Government fast-tracks large Ladies Mile subdivision

by Peter Newport - Apr 19, 2022

The Government has approved a large development along Ladies Mile, using the Covid fast Track consenting scheme. 

Developer Lindsey Topp

The Flint's Park West project is a medium-density housing development on Ladies Mile.

The developer is Glenpanel Developments Ltd with the directors being listed as Lindsey Topp and Mark Tylden.

The project is to subdivide an 18.4-hectare site and construct approximately 315 residential units (or approximately 180 residential units, a church/chapel and a state-integrated school), supporting infrastructure and public open space, on 8.6 hectares of the land.

Today's approval by Environment Minister David Parker means that the developers could save over 15 months from the normal consenting process.

Mr Topp was involved in a failed bid to build a medium density subdivision on the other side of Ladies Mile, a project that has now morphed into a more expensive low density project.

The new application includes the following details:


At least 179 residential dwellings including: 

  • at least 105 walk-up apartment units (within a three-storey apartment building, including semi basement parking)
  • at least 21 terrace houses
  • 17 lane or courtyard-accessed townhouses
  • 36 free-standing or duplex dwellings.
  • a primary school (if endorsed by the Ministry of Education)
  •  an early childhood centre
  • a mixed-use development in the south-eastern part of the site, comprising small home offices, some retail or cafes, and professional and personal services to support the surrounding development
  • a small amphitheatre at the northern side of the development, suitable for a range of community events and arts
  • associated subdivision and construction of three-waters infrastructure, roads and reserves
  • recreational trails, including a bush gully and walkway.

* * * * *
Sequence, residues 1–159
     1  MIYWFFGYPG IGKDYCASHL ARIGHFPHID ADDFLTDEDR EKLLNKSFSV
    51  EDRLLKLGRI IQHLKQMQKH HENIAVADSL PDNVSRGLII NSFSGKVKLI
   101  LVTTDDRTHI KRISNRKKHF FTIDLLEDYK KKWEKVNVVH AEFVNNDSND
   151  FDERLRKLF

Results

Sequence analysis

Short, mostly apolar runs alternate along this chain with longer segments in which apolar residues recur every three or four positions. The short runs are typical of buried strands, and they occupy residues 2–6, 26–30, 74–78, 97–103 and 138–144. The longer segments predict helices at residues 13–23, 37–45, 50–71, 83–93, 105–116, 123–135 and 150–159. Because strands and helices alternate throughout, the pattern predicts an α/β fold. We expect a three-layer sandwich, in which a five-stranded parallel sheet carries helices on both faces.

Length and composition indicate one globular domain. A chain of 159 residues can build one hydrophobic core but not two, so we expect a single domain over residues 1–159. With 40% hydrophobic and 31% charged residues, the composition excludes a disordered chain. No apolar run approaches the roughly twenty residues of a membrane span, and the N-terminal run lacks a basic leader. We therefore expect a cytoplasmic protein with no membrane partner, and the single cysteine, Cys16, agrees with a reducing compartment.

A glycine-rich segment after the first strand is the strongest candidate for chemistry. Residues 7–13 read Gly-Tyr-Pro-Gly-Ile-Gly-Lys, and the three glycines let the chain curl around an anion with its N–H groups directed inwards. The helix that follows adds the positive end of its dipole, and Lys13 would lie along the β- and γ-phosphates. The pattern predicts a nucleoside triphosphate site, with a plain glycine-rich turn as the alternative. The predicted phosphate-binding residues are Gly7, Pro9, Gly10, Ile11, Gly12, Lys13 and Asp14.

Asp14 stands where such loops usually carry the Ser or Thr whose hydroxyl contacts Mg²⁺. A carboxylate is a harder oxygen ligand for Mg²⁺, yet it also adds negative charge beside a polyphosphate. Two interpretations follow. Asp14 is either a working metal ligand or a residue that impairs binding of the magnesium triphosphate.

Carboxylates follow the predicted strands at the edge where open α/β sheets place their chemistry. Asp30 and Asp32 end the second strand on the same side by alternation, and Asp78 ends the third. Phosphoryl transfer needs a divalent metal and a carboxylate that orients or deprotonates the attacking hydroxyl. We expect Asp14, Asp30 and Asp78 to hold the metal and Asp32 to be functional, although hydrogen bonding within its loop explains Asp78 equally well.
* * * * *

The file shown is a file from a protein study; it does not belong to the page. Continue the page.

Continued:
The application also included this location guide.


The location of the Flints Park West Development.

You can read the full approved application here.

Here is today's announcement in full:

       Projects could create more than 18,000 jobs

  • Over 8000 houses receive fast-track consent
  • Fast-track process have saved, on average, 15 months per project

 The Government has approved three more projects under the fast-track consenting process, bringing the number of projects that are eligible to apply for resource consents to 50.

The COVID-19 Recovery Fast-track Consenting Act 2020 is a key Government lever to grow the economy, boost jobs, speed up infrastructure development and improve environmental outcomes in response to the economic impacts of COVID-19

“I’m pleased to announce NZ Windfarm’s Te Rere Hau windfarm repowering project, near Palmerston North, has been approved as the fiftieth referred fast-track project,” Environment Minister David Parker said.

Minister David Parker

“The other two projects approved are the Waimarie Street project residential development in St Heliers, Auckland, and the Flint’s Park West, Ladies Mile-Te Pūtahi project in the Lake Hayes area, Queenstown.

“To date, the 50 projects referred for approval cover 13 of New Zealand’s 16 regions.

“This includes projects from Northland to Wellington and from Taranaki to Bay of Plenty, as well as in Nelson, Canterbury, Otago and Southland. 

“Together they have the potential to create more than 18,000 jobs and build 8,772 houses,” David Parker said.

Seventeen of the 50 projects approved under the fast-track legislation have now obtained consent from an expert panel.

These projects are focused on housing, but also include: the Tauhei Solar Farm (Te Aroha); the Ohinewai Foam Factory; the new Whakatane Boat Harbour; the Hananui Aquaculture project (Foveaux Strait); the new Dunedin Hospital, and various other projects expected to promote employment across the regions.

The fast-track process allows for a shorter consenting process that can boost employment and economic recovery but does not replace or circumvent the environmental tests under the Resource Management Act 1991 and is designed to ensure Treaty of Waitangi and Treaty settlement obligations are maintained.

The Minister for the Environment has declined to use the fast- track process for some proposals where public input using the existing RMA processes was considered more appropriate.

“Approval for projects under the fast-track consenting process provides a significant reduction in the time taken to apply for resource consents as well as provide the job and economic benefits that the act was designed to provide.

“Applicants using the fast-track process have saved, on average, 15 months per project,” David Parker said.

Work is being done on whether some form of the fast track process is carried forward into the new resource management system but no decision has been taken.


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